\boldsymbol{b}^m(k+1)=\boldsymbol{b}^m(k)-\frac{\alpha}{Q}\sum^{Q}_{q=1}\boldsymbol{s}^m_q\cdot 1\tag{3}
$$

Using Backpropagation

Building a toy BP program is a good way to go deeper inside into the algorithm. The details of the design of the algorithm could be found in ‘The Backpropagation Algorithm (Part I)’ and ‘The Backpropagation Algorithm (Part II)’. And the task is consist of three essential parts:

  1. Choice of network architecture
  2. The algorithm used to train to a network would convergent
  3. Generalization

Choice of Network Architecture

How many layers and how many neurons are necessary for a certain task is the key point in designing a network. For instance, to approximate the target functions

$$
g(p)=1+\sin(\frac{i\pi}{4}\cdot p)\tag{4}
$$

where for $-2\leq p \leq 2$ and $i=\{1,2,4,8\}$. And these four different functions look like:

at the interval of $[-2,2]$

1-3-1 Neural Network

And the architecture we used here for approximating four functions is a 1-3-1 net. And the BP algorithm is used. Then the process of changing of the curve for $g(p)=1+\sin(\frac{\pi}{4}\cdot p)$ is like:

And for the $g(p)=1+\sin(\frac{2\pi}{4}\cdot p)$

And for the $g(p)=1+\sin(\frac{4\pi}{4}\cdot p)$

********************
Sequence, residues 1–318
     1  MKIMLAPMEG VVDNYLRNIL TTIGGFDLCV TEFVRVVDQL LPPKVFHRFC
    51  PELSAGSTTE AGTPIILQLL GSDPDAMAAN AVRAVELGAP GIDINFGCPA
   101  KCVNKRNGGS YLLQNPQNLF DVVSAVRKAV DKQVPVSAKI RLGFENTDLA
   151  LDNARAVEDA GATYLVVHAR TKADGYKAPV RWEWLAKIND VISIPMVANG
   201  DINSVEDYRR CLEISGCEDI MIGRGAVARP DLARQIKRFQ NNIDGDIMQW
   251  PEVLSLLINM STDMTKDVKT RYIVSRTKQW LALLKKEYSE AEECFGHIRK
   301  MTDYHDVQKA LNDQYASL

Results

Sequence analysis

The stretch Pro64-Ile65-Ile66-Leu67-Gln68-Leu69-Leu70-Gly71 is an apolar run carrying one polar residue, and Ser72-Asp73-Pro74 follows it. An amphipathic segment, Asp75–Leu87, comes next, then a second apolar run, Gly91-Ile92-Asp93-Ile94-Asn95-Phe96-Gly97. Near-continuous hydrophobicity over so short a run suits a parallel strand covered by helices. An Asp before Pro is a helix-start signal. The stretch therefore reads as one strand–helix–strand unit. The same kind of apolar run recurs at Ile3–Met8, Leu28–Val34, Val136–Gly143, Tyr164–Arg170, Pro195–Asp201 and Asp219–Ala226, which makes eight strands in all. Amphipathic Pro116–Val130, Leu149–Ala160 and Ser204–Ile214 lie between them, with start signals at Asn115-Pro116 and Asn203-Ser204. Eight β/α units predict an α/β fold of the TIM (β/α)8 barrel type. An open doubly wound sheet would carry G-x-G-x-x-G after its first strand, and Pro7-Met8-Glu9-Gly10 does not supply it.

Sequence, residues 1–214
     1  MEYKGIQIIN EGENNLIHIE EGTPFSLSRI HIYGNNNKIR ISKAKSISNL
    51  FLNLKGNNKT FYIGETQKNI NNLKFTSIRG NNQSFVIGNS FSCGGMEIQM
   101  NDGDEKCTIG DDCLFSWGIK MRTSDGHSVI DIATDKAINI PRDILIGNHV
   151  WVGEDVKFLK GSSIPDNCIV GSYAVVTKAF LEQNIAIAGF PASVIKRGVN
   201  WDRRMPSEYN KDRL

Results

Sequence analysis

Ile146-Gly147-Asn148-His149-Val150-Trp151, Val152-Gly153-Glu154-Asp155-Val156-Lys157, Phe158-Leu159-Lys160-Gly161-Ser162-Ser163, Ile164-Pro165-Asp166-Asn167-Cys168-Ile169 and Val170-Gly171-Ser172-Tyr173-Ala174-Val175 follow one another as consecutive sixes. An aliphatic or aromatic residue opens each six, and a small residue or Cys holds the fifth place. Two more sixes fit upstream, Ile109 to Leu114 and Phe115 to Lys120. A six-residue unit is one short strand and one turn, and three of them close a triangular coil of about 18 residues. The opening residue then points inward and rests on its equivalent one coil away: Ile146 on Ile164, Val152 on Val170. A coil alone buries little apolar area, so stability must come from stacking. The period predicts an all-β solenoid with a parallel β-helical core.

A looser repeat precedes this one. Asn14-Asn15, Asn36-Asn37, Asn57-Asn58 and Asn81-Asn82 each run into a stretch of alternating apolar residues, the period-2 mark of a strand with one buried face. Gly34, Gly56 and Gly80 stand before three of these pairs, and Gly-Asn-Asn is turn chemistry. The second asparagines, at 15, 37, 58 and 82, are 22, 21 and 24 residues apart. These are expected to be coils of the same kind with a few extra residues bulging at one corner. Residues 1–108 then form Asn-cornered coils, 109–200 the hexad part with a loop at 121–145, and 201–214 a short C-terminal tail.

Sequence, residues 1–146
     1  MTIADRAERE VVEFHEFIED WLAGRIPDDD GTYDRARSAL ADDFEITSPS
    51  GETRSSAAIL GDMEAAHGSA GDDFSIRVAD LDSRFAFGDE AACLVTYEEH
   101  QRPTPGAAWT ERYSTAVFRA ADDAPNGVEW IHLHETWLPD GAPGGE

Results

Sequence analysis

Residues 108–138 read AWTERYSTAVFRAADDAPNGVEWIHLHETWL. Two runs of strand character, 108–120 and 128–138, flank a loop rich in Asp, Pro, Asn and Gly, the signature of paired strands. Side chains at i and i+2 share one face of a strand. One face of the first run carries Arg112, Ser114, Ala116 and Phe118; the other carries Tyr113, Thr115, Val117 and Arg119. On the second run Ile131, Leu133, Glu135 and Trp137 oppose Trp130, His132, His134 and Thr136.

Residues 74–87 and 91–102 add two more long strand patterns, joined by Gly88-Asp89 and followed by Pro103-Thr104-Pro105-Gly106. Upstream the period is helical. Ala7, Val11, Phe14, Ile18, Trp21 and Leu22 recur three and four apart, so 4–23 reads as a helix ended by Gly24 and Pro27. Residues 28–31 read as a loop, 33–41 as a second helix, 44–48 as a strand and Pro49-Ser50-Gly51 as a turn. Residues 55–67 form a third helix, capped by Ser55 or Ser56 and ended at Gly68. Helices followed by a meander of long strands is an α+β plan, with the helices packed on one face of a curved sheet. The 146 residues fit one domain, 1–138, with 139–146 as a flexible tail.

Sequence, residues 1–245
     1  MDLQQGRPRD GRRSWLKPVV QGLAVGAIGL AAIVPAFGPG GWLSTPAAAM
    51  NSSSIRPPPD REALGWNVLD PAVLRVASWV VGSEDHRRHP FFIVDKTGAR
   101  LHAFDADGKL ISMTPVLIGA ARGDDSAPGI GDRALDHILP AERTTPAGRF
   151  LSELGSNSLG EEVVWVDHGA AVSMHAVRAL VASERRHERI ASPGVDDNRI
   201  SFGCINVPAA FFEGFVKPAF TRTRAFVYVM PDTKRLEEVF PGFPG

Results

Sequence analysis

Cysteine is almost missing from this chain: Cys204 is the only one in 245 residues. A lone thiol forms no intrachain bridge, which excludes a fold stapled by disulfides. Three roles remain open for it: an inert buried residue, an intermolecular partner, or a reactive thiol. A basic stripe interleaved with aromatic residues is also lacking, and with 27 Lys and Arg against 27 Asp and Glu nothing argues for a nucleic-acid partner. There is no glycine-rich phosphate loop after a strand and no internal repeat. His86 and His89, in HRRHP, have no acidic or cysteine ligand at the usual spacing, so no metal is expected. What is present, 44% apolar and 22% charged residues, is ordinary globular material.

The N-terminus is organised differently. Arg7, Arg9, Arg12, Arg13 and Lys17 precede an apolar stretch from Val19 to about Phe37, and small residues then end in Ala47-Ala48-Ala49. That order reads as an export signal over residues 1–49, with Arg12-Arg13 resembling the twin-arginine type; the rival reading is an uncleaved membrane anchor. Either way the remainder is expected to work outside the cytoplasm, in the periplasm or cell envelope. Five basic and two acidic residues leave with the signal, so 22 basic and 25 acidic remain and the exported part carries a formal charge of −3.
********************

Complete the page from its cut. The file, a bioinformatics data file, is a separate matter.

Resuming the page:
And for the $g(p)=1+\sin(\frac{8\pi}{4}\cdot p)$

The four final approximate results of these for the function is:

Limit of 1-3-1 network has been illustrated above and the capacity of 1-3-1 network can only approximate $g(p)=1+\sin(\frac{i\pi}{4}\cdot p)$ for $i=\{1,2,3,4\}$.

$g(p)=1+\sin(\frac{8\pi}{4}\cdot p)$ can not be regressed by 1-3-1 for its flexibility is not enough for the target function. This can also be concluded by the property of these three neurons in the hidden layer whose transfer function is log-sigmoid. Because these three neurons have only three ‘steps'(which has been described at ). These three steps are trained to approximate the three crests of the target functions. And when the target functions have more than 3 crests (including 3 crests), 1-3-1 can not regress the target function precisely.

1-2-1, 1-3-1, 1-4-1, 1-5-1 networks for $g(p)=1+\sin(\frac{6\pi}{4}\cdot p)$

The target function $g(p)=1+\sin(\frac{6\pi}{4}\cdot p)$ has 3 crests at iterval $[-2,2]$ and 4 different types of network are used in the approximation:

The process of 1-2-1 neuron network for $g(p)=1+\sin(\frac{6\pi}{4}\cdot p)$ is like: